By Maylon Rice
With the 2014 version of the Bradley County Pink Tomato Festival in the rear view mirror, the memories of the old tomato auction shed flood back in my mind.
The old-style auction out in West Warren where every farmer, big, small and in between pulled up in their vehicles to the raised concrete dock and waited on the “inspectors” to ask for samples from their trucks, cars and yes, even a horse drawn wagon or two for display.
The baskets, as I first remember them, were split white oak baskets, bushel baskets, if you will, where the packed tomatoes – that is tomatoes wrapped in a thin, almost opaque tissue like paper were nestled.
The real trick to “wrapping” a round basket of tomatoes was to work in a circle, starting at the bottom packing ones way to a smooth level at the top of the basket where a lid or cross-hatch version of the same material as that of the basket would be levered onto the top of the bushel basket.
A finely wrapped basket of Bradley County pink tomatoes is a sight to behold.
Some folks can wrap fast, that once was a contest at the Tomato Festival, but sadly the tissue wrapped tomato has gone the way of the public auction… just a Pastime to write about these days.
Later on came the paper/cardboard boxes. A year of two later these boxes were wax covered cardboard to allow the refrigerated tomatoes to be cold shipped to points north and the paper boxes hold up during shipment.
But the excitement every day at the open tomato auction was thrilling.
After the “inspectors” graded your tomatoes into No. 1’s, No. 2’s, No. 3’s, Ripes, and Unclassified or Combinations grade.
The lowest grade Culls.
The No 1 grade was best.
Every farmer wanted to deliver No. 1’s as the highest auction price was inevitably brought for those Bradley County pinks.
Each seller of tomatoes would have their own table, where samples of the tomatoes were placed for the buyers’ inspection.
The break from working in the fields from daylight until the middle of the day was often a welcome time for everyone. Most everyone washed up, put on a clean shirt and came to the auction, if the picking, packing and all the other farm work would be postponed until the day’s pickings was sold and some cash money was received. If the entire family could come to the auction – they came.
About 1 or 2 p.n. each day the auction would begin.
The late Corbett Merle, a cowboy hat wearing cattle buyer who knew most everyone, would about 2 p.m. each afternoon power up a hand-held microphone. He did so in a slow, deliberate Southern drawl with a little greeting, a joke of two as he and the tomato buyers would go walking a dedicated path around the tables from farmer to farmer.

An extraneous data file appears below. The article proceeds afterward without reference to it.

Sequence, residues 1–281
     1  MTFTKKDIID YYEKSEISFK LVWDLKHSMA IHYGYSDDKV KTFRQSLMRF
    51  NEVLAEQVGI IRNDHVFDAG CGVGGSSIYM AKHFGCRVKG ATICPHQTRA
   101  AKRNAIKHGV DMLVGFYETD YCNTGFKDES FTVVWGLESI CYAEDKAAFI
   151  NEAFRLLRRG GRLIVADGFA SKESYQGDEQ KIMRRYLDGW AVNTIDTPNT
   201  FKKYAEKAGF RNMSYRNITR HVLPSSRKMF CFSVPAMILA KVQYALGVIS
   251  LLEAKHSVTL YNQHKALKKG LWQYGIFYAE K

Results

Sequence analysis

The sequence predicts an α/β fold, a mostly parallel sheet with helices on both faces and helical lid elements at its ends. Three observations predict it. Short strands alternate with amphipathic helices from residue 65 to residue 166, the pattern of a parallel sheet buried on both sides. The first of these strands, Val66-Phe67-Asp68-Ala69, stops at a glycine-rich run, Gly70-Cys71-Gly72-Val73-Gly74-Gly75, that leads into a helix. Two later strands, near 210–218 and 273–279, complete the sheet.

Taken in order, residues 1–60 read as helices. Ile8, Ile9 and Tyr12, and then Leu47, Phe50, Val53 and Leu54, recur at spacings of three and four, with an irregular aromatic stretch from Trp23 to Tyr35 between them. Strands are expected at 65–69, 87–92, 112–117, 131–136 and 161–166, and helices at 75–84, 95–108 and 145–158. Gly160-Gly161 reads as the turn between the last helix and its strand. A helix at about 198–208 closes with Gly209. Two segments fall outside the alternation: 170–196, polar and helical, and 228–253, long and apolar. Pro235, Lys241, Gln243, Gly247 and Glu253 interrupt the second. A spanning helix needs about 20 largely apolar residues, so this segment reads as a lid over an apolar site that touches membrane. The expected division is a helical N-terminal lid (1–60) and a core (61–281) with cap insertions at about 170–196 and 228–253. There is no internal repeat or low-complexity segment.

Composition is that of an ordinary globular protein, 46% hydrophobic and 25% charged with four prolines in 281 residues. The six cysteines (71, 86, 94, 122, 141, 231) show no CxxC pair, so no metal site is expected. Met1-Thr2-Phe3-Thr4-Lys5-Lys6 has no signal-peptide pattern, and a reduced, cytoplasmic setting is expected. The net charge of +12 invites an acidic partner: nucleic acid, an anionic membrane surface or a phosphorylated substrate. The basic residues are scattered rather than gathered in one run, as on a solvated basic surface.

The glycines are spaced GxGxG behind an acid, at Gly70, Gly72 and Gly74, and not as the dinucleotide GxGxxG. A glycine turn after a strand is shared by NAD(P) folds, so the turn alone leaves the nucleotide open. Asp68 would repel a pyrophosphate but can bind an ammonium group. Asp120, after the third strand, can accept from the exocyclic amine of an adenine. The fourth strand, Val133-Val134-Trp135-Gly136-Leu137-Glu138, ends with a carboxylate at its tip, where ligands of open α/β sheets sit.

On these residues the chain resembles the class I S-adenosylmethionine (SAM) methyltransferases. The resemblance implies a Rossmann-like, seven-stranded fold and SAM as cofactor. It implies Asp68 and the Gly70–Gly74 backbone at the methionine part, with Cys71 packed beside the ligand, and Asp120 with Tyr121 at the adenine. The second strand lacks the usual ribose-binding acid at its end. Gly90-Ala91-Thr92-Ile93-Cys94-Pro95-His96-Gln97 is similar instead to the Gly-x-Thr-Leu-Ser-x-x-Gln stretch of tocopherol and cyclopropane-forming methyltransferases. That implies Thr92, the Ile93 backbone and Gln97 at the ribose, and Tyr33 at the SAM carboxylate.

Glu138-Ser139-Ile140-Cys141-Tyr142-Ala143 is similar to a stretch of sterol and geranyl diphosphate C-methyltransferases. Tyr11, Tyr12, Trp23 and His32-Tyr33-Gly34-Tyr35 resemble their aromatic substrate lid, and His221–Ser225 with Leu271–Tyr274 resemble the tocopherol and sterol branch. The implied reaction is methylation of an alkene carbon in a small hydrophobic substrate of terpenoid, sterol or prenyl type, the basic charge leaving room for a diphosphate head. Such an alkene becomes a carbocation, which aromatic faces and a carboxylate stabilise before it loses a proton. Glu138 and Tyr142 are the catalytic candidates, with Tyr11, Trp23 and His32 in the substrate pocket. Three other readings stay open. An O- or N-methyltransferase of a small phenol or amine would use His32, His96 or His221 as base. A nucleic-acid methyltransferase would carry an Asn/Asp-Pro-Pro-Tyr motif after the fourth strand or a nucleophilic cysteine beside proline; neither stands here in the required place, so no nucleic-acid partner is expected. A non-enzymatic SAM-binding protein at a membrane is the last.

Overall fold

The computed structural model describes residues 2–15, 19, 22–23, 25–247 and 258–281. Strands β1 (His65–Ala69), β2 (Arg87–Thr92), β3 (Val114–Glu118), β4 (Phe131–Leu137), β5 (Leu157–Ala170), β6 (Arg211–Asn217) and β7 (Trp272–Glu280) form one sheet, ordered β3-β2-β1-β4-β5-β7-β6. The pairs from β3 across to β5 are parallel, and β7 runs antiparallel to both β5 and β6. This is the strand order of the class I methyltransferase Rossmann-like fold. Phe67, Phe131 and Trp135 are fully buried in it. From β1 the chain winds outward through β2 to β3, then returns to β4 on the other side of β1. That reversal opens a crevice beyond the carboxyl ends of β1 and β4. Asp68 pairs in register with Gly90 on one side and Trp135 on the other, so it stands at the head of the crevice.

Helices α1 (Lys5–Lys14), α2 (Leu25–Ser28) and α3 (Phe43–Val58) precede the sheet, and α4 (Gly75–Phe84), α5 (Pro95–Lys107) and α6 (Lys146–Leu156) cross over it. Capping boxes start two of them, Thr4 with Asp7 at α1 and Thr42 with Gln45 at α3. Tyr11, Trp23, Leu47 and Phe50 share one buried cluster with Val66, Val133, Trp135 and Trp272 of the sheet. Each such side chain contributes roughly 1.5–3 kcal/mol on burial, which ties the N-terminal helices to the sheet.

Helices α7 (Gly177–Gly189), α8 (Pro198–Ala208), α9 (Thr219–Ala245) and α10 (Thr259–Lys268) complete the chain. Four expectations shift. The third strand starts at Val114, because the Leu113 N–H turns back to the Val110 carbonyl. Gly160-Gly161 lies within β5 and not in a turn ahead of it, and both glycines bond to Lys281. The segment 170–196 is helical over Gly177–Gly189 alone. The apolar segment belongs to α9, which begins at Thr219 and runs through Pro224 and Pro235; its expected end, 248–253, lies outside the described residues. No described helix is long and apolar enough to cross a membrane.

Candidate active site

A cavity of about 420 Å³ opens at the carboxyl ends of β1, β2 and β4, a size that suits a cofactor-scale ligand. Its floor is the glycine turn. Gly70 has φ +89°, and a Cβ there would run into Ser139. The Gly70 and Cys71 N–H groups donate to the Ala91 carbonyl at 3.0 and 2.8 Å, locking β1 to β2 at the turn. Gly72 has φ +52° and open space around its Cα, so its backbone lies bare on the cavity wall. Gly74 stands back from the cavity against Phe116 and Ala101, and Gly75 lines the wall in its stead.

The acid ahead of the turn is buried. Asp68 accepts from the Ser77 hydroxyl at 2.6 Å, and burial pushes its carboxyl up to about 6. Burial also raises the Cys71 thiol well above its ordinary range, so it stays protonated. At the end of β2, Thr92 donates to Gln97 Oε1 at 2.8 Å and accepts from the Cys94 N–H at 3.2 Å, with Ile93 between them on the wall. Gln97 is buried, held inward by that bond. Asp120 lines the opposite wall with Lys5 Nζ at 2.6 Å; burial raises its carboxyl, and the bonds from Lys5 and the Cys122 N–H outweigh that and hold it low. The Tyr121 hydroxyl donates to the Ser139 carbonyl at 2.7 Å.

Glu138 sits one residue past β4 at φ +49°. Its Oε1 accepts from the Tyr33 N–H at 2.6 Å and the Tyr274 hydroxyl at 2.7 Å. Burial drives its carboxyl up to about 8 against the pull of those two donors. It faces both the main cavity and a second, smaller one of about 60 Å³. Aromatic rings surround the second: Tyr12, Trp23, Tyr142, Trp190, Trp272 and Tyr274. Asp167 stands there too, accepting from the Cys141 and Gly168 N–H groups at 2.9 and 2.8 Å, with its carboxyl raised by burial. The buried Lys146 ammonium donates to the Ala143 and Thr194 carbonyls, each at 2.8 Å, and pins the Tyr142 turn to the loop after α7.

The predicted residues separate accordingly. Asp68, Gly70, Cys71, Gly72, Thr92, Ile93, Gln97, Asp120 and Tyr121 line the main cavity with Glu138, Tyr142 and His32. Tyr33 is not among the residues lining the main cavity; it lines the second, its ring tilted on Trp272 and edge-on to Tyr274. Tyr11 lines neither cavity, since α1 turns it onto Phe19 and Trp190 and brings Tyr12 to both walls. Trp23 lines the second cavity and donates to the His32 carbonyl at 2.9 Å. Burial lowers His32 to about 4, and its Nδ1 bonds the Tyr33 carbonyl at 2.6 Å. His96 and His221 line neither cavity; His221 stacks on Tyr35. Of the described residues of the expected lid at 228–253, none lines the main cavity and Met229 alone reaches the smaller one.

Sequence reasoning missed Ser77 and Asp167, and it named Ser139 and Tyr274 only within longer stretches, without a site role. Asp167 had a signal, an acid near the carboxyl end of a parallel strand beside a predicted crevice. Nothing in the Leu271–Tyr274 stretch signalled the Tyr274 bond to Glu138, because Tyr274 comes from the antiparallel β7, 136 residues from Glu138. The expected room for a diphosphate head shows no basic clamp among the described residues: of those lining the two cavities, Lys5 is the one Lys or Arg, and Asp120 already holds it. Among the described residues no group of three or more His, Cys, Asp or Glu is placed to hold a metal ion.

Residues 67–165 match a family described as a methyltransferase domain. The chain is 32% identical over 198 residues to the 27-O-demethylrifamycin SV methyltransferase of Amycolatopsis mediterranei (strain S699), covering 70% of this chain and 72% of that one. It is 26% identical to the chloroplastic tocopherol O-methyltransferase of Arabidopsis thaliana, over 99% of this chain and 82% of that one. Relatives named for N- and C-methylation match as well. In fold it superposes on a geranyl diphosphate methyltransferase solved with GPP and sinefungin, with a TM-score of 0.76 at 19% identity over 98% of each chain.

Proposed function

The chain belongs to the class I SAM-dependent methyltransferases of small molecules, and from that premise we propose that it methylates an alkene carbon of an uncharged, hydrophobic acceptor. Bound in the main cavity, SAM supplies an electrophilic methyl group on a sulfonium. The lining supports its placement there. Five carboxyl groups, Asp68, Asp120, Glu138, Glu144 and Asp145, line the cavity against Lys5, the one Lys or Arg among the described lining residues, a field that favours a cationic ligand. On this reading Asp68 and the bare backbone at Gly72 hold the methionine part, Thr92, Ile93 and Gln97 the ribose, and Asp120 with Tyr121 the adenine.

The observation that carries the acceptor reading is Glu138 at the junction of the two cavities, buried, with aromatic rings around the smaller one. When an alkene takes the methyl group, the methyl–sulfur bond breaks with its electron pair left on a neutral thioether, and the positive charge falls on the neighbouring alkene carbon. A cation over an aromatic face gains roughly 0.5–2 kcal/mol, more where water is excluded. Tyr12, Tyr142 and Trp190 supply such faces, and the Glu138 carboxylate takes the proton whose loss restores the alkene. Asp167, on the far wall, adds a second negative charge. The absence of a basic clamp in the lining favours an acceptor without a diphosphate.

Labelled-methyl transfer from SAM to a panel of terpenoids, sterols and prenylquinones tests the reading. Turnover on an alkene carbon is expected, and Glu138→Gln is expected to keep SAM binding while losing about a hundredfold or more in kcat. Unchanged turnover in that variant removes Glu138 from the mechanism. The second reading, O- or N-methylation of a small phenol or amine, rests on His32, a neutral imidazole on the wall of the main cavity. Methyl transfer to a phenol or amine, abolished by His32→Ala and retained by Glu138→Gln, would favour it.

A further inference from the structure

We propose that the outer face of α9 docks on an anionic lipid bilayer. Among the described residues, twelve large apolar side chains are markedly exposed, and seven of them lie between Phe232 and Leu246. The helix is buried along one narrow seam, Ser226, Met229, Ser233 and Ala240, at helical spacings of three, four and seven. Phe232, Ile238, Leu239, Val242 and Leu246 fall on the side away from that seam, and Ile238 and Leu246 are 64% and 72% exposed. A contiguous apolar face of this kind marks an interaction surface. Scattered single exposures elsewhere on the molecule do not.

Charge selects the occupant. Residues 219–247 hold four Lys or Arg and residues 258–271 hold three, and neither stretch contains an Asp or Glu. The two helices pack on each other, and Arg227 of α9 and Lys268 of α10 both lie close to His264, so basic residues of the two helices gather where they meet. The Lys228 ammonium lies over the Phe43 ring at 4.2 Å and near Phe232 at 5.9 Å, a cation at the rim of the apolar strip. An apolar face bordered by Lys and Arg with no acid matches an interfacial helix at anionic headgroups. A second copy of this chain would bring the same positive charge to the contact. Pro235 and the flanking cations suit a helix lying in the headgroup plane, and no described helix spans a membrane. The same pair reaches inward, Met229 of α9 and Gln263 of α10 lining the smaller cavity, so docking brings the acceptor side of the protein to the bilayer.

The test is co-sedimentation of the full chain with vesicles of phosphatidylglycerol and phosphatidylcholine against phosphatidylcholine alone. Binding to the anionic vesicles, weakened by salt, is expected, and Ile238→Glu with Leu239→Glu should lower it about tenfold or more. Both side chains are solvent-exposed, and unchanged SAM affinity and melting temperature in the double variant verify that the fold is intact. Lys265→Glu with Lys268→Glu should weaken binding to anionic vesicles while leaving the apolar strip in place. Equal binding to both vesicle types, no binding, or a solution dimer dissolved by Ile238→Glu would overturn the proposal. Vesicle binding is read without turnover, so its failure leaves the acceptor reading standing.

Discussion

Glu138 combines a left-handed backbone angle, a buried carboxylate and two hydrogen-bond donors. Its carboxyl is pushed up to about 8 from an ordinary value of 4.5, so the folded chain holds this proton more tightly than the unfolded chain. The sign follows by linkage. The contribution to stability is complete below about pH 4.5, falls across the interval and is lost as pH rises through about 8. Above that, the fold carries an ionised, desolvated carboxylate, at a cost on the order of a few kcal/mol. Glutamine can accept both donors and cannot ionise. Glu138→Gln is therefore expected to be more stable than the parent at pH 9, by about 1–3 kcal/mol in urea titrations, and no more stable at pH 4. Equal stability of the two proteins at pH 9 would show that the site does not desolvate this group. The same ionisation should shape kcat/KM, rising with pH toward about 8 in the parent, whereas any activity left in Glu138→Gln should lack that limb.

There was a method to bidding on the prices for tomatoes.
For example: Merle would sing into the microphone, “Mr. Jones has 20 boxes of No. 1 tomatoes, let’s start em out at $6, a box. Do I have $6 and a dime, now 6-20, how about 6 and a quarter…” And so would go the dance, until the highest price had been reached.
Once a buyer settled on the high price, Merle would sing out in a loud voice, Sold 20 boxes $6.45 to Landsaw.”
And a slip of paper would be passed to the farmer instructing him or her which dock to deliver the 20 boxes of No. 1 tomato. Upon delivery a check would be cut right there for the farmer.
There was some fun to be had too.
All your farm friends were there. Cold soda pop and sometimes the smell of hamburger or barbeque from the nearby Corral would be calling your name.
And the excitement of know that all your hard work was going to bring a high price was thrilling.
Some farmers late in the season, when the tension of making the crop were done and the supply was dwindling down, would goad the buyers with good natured ribbing, such as “You know Wayne (Landsaw of Joplin, Mo.,) them Detroit folks sure like my tomatoes.”
And Landsaw, a veteran buyer who knew most of the famers, might shoot back.
“Yeah, they liked them more when they were just $4 a box, not $5 a box.”
But when the crop ran long, sometimes, the buyers would not purchase the No. 3, combination grades or the culls. Just no market but for the best as the supply chain was full of tomatoes.
Farmers would leave with tomatoes on their trucks headed back home to give them to the neighbors, can the tomatoes themselves or feed the oversupply to the hogs.
Many a kid in Bradley County worked at the tomato market... next week I’ll write a Pastime about packing those 18-wheelers for Wayne Landsaw one summer…